Brooklyn author Colm Tóibín has told an audience at New York’s United Nations bookshop that “every migrant has a story to tell.”

In his novel, which has bounced back into  book charts in the UK, the USA and Ireland, Eilis Lacey – a classic Irish emigrant of the 1950s-  travels from her home in Co Wexford to New York to work in a smart clothing store. She lives in a boarding house with a number of other girls, before marriage to an American-Italian man.

Making reference to the United States, the Wexford author declared:  “we need to rethink what they (migrants) bring to the new country.”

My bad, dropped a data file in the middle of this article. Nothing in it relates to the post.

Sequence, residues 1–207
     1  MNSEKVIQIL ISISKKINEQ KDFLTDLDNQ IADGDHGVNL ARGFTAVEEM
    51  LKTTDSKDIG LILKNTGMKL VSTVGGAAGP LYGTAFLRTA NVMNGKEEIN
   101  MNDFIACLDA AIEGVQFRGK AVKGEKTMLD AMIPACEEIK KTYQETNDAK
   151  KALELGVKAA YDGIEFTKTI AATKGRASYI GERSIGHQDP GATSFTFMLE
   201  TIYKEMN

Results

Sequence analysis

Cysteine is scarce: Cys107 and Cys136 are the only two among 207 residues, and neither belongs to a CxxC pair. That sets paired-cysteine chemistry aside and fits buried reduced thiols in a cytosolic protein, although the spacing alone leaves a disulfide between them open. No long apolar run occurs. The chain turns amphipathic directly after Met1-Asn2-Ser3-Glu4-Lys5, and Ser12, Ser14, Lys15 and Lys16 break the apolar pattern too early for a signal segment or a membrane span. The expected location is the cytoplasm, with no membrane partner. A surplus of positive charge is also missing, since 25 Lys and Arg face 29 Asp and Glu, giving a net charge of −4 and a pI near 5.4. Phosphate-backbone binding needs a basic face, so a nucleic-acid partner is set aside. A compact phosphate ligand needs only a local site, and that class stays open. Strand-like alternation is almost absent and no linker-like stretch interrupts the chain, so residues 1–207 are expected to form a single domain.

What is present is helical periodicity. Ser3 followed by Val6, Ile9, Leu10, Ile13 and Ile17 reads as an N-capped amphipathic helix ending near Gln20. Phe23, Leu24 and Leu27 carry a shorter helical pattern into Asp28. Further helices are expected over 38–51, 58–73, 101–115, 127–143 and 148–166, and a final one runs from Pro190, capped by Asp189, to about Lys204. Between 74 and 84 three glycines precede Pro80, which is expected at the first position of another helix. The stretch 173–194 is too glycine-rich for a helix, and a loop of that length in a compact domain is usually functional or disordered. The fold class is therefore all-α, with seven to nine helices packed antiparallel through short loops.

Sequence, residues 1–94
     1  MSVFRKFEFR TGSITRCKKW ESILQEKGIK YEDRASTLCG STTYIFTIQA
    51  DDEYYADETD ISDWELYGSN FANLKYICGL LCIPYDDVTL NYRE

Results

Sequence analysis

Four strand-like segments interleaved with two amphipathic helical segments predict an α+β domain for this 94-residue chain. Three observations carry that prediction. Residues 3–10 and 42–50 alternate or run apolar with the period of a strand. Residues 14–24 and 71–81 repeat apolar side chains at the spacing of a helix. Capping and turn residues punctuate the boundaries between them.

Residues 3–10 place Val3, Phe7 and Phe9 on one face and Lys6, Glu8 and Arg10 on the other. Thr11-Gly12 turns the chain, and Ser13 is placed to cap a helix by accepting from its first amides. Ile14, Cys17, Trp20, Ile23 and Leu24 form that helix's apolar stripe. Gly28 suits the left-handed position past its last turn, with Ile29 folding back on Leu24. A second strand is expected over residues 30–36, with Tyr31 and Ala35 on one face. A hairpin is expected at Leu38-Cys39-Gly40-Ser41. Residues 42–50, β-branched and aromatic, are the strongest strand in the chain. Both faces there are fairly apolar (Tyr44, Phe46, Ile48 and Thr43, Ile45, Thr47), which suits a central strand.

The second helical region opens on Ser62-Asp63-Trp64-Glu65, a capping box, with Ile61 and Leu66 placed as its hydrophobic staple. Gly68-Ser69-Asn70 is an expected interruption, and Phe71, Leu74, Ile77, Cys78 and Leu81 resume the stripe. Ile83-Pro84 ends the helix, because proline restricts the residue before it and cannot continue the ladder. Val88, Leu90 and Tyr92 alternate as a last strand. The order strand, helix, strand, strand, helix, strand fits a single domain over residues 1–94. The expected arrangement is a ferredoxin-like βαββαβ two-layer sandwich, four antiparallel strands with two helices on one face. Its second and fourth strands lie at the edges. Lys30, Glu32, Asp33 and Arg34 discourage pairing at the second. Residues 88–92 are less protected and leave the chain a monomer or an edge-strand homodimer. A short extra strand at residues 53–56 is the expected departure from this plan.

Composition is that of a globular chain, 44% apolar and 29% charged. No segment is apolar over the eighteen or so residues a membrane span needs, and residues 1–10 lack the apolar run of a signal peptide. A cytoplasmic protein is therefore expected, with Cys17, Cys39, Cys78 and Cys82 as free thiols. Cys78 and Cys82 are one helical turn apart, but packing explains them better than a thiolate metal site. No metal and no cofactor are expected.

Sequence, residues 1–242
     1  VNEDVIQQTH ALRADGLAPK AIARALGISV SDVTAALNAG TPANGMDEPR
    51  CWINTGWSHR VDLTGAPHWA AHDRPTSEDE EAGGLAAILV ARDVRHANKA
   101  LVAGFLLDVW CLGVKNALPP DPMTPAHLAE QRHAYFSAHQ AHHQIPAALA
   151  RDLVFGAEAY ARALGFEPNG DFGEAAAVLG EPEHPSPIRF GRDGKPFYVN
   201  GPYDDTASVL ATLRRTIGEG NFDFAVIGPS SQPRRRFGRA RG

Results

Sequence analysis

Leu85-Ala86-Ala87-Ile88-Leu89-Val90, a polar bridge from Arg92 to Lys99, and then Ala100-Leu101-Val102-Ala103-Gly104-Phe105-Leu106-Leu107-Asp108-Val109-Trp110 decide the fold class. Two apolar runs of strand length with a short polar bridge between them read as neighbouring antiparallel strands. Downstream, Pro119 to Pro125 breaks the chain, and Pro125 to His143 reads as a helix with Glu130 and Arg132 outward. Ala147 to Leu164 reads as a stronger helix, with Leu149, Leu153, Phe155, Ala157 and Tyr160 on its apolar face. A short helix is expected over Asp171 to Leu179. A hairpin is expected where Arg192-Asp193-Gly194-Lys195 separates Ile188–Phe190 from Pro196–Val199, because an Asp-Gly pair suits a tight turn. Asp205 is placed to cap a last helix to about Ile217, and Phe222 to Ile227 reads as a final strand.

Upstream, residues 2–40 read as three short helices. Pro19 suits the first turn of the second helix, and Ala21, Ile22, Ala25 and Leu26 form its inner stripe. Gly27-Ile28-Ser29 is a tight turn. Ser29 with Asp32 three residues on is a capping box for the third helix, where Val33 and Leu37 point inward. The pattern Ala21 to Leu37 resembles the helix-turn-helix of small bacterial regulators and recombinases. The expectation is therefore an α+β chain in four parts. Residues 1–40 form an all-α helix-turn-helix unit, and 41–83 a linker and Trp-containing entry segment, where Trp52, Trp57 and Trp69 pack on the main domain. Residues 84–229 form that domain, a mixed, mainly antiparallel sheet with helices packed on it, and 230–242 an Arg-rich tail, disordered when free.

His remarks were made in light of the intense debate currently taking place in the United States over whether the country should continue to welcome migrant workers from Mexico or refugees from Syria.

Tóibín said that every person has come from ‘somewhere else at some point.’ “The whole idea of us being fixed and privileged and life being good for us - and that is something that we should protect - that seems to me fundamentally wrong and a fundamental failure of imagination,” he declared.

“It's important to have image of migrants as different from ”desperate” faces”, Tóibín told the audience at the bookshop. “If countries in Europe stop thinking about themselves and start thinking of the migrants as people, we could start to see change,” he added.